With Christmas a distant memory, and New Year’s resolutions in full swing, January and February can be notoriously quiet months for hospitality businesses. As fewer people come through the doors, this shouldn’t be a time to dawdle – now is the perfect opportunity to assess hygiene levels after the Christmas rush.
This is particularly important within commercial kitchens, where hygiene levels may have slipped after the onslaught of the festive rush. While you may feel like relaxing after this busy time, don’t waste the opportunity to do an audit of your business’s hygiene standards and compliance. These are paramount to the health, safety and welfare of both customers and employees.
While all hospitality companies should have a regular cleaning regime in place, it’s important to consider a further deep clean to comply with stringent cleaning standards. This should include ventilation cleaning in particular, which addresses a legal requirement for facility managers to ensure enclosed workspaces and kitchens are ventilated with fresh, purified air.
Scheduling a deep clean
Thorough deep cleans should be scheduled to take place at least twice a year, ideally after busy periods such as Christmas. These cover areas not included in the day-to-day cleaning regime, such as behind equipment and kitchen fittings, as well as tackling any grime build-up in grease traps and ventilation systems. Deep cleans are particularly important in winter, when flu and norovirus outbreaks often occur, and when people tend to spend more time indoors, which can increase risks of cross contamination.
Cleaning those hard-to-reach areas can present unique challenges and safety risks, especially in areas that are high up. High level cleaning can be a difficult process to carry out, so only trained staff should undertake this type of work. The safest approach is to bring in specialist technicians with the appropriate training and equipment – they’ll perform a full risk assessment before carrying out any work, to ensure maximum levels of safety. Accredited certification from the Royal Society for Public Health (RSPH) is a sign of a properly trained technician.
High level cleaners have a plethora of tools available to them in the fight against grime. The equipment used depends not only on the height of the area that requires cleaning, but also on how confined the space is. Mobile Elevated Work Platforms (MEWPS) allow technicians to reach elevated areas, while tools such as jet washers, backpack vacuums, water feed brushes and long reach poles, enable the efficient cleaning of these difficult places to take place.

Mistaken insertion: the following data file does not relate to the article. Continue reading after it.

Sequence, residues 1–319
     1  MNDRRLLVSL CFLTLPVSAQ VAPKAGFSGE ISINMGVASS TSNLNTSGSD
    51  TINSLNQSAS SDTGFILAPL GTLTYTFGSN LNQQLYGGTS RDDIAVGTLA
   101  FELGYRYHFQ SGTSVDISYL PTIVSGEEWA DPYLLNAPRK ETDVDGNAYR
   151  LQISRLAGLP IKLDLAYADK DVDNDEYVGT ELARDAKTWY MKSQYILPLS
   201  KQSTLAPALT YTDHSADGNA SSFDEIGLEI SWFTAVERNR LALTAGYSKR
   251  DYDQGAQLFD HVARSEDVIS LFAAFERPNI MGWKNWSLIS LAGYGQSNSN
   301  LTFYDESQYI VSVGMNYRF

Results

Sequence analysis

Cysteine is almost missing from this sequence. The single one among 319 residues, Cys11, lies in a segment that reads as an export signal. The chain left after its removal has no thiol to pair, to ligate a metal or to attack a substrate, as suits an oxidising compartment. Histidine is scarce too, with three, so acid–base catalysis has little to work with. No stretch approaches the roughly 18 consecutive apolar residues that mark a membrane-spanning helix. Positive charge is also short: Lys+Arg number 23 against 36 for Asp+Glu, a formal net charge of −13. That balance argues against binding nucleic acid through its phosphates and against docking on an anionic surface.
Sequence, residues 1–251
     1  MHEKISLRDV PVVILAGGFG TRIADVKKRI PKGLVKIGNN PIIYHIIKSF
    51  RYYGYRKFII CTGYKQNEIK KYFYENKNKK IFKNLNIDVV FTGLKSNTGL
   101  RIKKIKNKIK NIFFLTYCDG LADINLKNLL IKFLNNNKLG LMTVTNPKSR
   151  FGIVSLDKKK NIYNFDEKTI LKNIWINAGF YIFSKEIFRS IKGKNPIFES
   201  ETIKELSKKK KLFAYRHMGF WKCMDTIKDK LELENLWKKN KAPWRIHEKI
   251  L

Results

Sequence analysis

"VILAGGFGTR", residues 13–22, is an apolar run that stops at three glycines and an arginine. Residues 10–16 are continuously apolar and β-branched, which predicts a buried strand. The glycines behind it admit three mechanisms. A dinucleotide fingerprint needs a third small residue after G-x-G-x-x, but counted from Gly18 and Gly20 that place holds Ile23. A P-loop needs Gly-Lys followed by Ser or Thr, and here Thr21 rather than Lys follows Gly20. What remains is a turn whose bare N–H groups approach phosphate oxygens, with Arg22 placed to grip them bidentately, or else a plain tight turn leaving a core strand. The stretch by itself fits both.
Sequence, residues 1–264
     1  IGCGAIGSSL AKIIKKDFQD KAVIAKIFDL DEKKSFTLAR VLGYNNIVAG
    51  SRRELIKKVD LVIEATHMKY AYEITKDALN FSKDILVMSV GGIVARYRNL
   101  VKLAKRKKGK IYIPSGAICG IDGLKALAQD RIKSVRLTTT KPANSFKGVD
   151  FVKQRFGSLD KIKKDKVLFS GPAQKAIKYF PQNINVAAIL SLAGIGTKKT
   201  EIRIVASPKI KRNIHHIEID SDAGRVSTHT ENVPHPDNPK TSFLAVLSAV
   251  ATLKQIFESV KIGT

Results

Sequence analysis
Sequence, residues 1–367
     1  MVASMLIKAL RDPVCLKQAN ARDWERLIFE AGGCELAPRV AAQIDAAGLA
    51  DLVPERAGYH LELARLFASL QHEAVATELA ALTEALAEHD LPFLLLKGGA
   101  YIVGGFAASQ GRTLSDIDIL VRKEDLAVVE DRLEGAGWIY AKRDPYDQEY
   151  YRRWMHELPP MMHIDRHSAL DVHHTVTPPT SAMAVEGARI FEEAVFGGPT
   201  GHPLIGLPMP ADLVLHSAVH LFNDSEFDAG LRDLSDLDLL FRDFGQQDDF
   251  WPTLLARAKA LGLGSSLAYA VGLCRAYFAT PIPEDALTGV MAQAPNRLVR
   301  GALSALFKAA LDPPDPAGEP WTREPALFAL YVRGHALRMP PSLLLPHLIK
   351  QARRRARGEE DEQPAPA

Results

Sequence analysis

Don’t forget about the vents
Cooking on masse during the Christmas period will no doubt have produced waste food, fats and grease in commercial kitchens. Hospitality businesses need to follow practical measures to avoid the build-up of dirt, grime and bacteria that results from cooking, particularly in areas like grease traps and extract ventilation systems. Routine cleaning alone will not suffice.
For example, build-up in a grease trap can become very difficult to remove and, if left untended, the trap will not only become ineffective but may also become a source of unpleasant odours. This has a knock-on effect on ventilation systems where grease, carbon and steam build-ups can quickly form in ventilation ducts, creating a potential harbourage for mould and germs to generate. What’s more, unclean ventilation systems can also pose a significant fire hazard. It’s estimated that 70% of fires in commercial kitchens originate in faulty extract ventilation systems due to the build-up of fat or grease. Fires within ductwork can be difficult to stop as they’re often inaccessible and can quickly spread to other areas of the building. If you don’t tackle these with a deep clean, you could be at risk of breaching the The Food Safety Act 1990 – which all hospitality venues are obliged to comply with.
TR19 is another standard that must be taken into consideration when it comes to ventilation cleaning. It was introduced by the Building Engineering Services Association (BESA) to standardise duct, kitchen extract, and air handling cleaning in the UK. Being compliant means ensuring adequate inspection is provided to ductwork and mechanisms. It also ensures cleaning processes and post-cleaning verification methods are met.
To ensure compliance, its best to call in the experts, who will provide regulatory sign-off. Rentokil Specialist Hygiene uses a wet film comb or an Elcometer 465, a thickness gauge with a scan probe to measure the levels of grease in a commercial kitchen’s system. From this, a detailed TR19 report is put together; collating accurate readings of the thickness of any dry deposits in the air handling systems.
As it quietens down after a busy holiday period, it’s important for hospitality businesses to take this opportunity to supplement their cleaning regimes. A deep clean is essential in ensuring commercial kitchens are compliant, hygienic and prepared for the year ahead.
By Paul Casson, Technical Field Manager, Rentokil Specialist Hygiene